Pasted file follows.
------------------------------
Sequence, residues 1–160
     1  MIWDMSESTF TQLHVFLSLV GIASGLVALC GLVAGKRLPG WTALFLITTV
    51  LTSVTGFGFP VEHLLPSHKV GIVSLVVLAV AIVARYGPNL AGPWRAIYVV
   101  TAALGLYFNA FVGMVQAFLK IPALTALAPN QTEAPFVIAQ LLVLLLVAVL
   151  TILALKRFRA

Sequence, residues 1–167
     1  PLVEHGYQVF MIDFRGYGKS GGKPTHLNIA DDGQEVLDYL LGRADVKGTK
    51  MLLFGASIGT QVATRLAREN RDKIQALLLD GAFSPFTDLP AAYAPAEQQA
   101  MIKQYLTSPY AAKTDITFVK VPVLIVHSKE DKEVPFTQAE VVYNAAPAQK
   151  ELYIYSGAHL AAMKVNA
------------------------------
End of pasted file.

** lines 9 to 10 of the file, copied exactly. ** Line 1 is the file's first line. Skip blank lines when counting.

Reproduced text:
   101  MIKQYLTSPY AAKTDITFVK VPVLIVHSKE DKEVPFTQAE VVYNAAPAQK
   151  ELYIYSGAHL AAMKVNA